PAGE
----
Israeli Social Protests: A Challenge of Hope to Diaspora Jewry

by Robert Hyfler

Saturday night, 450,000 Israelis, including the largest number of people to ever sing Hatikvah in one place at one time, gathered under the slogan “ha’am doresh tzedek chevrati” – the nation demands social justice.

450,000 Israelis, mostly young, but not all, invoked in name the legacies of Ben Gurion and Achad Ha’Am and proclaimed, paraphrasing one performer at the Tel Aviv Rally, ’63 years ago we created a new state, today we began to fulfill the dream of creating a new kind of state’.

450,000 Israelis, the “new Israelis” as they call themselves, assert that the lack of progress on the political-security front is no excuse to defer the dreams of generations and not create a fairer, more compassionate and more equal Israel.

450,000 Israelis, not taken in by the myths of neo-liberal Thatcherite and Reaganite policies of the last 20 years insist that there is a difference between becoming a successful first world economy and creating a healthy first world society – that selfishness must give way to solidarity and cynicism and greed must be replaced by caring, opportunity and hope.

And how will we in the Jewish Diaspora react and respond?

Will we aggressively build bridges to this new generation – a generation so much like the generation of today’s young Diaspora Jews? Can we sustain a dialog of hope and solidarity, of true peoplehood and true Arevut? (In the speeches Saturday night the concept of authentic, true change and building authentic human relationships was near universal.)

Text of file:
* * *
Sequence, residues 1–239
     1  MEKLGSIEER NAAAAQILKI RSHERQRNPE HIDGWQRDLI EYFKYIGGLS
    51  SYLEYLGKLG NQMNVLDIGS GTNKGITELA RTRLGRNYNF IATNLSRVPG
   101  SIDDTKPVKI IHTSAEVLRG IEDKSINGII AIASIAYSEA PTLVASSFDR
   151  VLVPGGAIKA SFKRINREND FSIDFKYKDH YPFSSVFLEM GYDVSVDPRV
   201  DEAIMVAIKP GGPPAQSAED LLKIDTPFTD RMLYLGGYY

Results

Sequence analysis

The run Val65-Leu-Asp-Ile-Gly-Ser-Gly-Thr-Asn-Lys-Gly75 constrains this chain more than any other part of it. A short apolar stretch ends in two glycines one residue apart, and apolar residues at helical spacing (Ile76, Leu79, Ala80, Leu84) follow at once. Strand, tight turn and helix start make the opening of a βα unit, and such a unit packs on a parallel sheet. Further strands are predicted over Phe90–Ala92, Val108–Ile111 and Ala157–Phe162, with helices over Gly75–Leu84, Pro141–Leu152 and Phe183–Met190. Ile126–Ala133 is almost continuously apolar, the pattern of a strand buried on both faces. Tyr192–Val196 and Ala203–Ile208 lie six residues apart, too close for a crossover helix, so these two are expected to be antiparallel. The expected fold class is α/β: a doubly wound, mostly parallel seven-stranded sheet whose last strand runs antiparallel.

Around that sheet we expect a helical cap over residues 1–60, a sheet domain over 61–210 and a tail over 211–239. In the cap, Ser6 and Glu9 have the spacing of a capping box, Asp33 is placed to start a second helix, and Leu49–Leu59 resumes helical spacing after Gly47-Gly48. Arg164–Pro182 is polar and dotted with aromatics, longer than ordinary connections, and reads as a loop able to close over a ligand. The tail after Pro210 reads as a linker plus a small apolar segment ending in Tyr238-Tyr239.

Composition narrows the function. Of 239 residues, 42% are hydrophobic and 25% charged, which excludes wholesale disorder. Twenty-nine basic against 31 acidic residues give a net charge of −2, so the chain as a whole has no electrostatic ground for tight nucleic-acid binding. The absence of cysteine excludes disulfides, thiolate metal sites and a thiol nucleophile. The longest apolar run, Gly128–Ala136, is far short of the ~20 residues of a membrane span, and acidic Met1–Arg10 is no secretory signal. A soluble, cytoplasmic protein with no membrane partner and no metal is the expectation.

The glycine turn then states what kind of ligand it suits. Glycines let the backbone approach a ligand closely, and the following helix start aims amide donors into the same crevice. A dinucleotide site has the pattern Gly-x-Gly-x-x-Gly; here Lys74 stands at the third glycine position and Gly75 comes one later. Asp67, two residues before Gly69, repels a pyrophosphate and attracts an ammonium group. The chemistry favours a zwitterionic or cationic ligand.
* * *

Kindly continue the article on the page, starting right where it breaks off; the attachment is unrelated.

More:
Will we, in our philanthropy, embrace this largely middle class generation and their needs much as we embraced the needs of development towns in Project Renewal and the needs of subsequent waves of new olim? Will our power- house NGO’s, JAFI, JDC, and ORT re-think, retool and respond to this moment?
Will we invite Daphni Leef and Itzik Shmuli to keynote our conferences and will we applaud them with the same fervor as we do the blood and tears exhortations of the Prime Minister?

Will our organized trips, from Birthright to missions dialog not only with “soldiers” but with the real persons inside those uniforms. Will we continue to flock to 2000 year old arches and stones or will we now also engage in Tel Aviv, Haifa and Be’er Sheva?

And can we finally admit that a commitment to tzedek chevrati – social justice is explicit to Torah, no stepchild to Judaism and a defining part of our Jewish DNA?

In April of 2001, with the outbreak of the second intifada, a time of real fear and despair, I helped organize the logistics for a 100,000 person solidarity rally on the Washington Mall. Today, at a time of hope, renewal and Israeli societal rebirth, a new solidarity in substance and form must come forth. As the Israeli world has changed, so must we.

Bob Hyfler can be reached at